Give rest, to the soul of Thy servant, O God,
and establish him in Paradise.
Whereth choirs of the saints, and of the just,
O Lord, shine like the stars of heaven.
Give rest to Thy servant who has fallen asleep,
overlooking all their transgressions.
+from the service book of the Panikhida
To schedule a panikhida or for more information, please contact Fr. John Bacon at email@example.com
A Panikhida is a prayer service offered by a priest for the repose of the soul of an Orthodox Christian who has departed this life. Customarily, a Panikhida is served on the third, ninth, and fortieth day after the repose of the Orthodox Christian, and every year on the anniversary of the repose. The Panikhida is essentially the same as memorial services offered in the Orthodox Churches outside the Russian tradition, known variously as the parastas, pannychis, or in abbreviated form as the "Trisagion for the Dead." Only departed Orthodox Christians are commemorated at a Panikhida.
It is also not uncommon for family and friends of the departed to make Koliva for a Panikhida. Koliva is essentially boiled kernals of wheat mixed with dried fruit and nuts. It can also be sweetened with sugar and spices, and/or covered with powdered sugar to resemble a tomb or grave. The wheat in the Koliva is symbolic of death and resurrection, according to the words of the Gospel: Most assuredly, I say unto you, unless a grain of wheat falls into the ground and dies, it remains alone; but if it dies, it produces much grain. (John 12:24)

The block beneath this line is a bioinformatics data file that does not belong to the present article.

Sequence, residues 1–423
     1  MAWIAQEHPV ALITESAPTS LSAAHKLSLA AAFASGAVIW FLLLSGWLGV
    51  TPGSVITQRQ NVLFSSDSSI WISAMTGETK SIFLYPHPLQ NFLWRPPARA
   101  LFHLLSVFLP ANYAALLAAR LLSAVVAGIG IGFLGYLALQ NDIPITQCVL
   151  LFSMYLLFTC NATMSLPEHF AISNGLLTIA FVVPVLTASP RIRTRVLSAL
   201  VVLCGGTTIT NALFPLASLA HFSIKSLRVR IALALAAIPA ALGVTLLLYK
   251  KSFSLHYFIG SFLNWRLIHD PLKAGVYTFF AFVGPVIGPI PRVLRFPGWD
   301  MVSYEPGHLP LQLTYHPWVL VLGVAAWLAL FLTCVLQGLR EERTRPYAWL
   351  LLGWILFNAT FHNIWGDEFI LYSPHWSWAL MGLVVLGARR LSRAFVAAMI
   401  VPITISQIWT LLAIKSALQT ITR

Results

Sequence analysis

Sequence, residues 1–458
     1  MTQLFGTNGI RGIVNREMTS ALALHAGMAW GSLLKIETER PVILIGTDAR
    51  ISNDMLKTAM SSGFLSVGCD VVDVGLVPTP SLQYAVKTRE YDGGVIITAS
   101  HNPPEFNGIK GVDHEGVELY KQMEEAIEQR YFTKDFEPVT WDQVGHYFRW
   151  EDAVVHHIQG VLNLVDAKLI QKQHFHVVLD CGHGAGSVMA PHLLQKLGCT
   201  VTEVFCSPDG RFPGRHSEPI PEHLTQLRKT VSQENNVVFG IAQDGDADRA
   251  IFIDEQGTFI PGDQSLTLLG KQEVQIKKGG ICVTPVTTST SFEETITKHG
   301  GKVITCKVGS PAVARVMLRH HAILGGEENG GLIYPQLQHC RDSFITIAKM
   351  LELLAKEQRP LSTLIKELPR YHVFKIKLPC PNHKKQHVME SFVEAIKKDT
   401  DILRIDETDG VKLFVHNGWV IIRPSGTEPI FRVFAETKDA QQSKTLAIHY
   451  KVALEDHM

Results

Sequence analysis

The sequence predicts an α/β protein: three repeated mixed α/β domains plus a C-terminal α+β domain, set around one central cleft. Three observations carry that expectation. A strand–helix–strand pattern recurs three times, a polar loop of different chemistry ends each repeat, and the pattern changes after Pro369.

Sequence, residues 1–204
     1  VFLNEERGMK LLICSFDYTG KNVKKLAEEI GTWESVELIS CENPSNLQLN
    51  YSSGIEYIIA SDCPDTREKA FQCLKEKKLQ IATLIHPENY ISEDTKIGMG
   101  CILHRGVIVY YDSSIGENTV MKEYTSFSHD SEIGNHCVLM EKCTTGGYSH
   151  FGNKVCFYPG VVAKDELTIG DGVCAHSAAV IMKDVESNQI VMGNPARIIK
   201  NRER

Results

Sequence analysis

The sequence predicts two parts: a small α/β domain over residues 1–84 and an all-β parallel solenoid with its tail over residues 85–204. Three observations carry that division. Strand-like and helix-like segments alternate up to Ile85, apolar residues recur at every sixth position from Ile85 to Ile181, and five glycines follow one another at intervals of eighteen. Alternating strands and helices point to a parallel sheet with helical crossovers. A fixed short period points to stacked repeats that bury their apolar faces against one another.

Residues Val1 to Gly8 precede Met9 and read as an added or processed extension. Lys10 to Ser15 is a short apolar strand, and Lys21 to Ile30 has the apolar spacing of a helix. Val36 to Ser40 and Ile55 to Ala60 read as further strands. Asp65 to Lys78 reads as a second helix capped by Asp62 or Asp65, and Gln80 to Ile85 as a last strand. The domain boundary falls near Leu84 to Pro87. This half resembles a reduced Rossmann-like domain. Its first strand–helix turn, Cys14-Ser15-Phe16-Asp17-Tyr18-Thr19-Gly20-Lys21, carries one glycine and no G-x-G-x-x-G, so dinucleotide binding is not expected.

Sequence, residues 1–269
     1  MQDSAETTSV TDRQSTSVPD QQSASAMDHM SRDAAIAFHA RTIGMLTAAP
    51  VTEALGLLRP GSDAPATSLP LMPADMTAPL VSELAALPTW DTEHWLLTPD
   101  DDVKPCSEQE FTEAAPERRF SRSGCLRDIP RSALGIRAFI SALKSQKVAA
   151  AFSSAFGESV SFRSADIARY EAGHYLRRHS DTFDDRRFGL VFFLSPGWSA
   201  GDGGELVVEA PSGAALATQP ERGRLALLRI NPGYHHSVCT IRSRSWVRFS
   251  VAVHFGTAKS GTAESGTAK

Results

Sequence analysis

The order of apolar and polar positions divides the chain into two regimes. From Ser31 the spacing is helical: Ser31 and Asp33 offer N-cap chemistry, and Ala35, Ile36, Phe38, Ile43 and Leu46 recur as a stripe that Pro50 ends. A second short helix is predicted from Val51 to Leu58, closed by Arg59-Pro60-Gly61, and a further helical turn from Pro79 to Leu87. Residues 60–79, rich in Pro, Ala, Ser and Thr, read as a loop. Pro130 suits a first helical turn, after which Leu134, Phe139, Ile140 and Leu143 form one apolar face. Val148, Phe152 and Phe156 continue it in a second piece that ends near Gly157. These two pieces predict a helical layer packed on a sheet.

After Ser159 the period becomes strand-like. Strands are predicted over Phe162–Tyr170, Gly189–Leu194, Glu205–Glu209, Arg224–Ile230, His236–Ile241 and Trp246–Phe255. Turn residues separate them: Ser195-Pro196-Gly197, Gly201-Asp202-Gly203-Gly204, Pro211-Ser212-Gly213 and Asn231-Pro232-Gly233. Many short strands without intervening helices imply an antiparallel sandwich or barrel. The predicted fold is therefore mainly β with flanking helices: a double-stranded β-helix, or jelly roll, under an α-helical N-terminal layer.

Wheat which is planted in the earth and rises in new life is symbolic of those beloved departed who have died in the hope of the resurrection, in accordance with the words of Saint Paul: So also is the resurrection of the dead. The body is sown in corruption, it is raised in incorruption. It is sown in weakness, it is raised in power. It is sown a natural body, it is raised a spiritual body and so it written, "The first man Adam became a living being." The last Adam became a life-giving spirit.
(I Corinthians 15:42-45)
This symbolism has its highest expression in the Saints, whose blessed state in heaven has been manifested to the world. For this reason, Koliva is blessed not only at memorials for the departed, but also at time in commemoration of saints.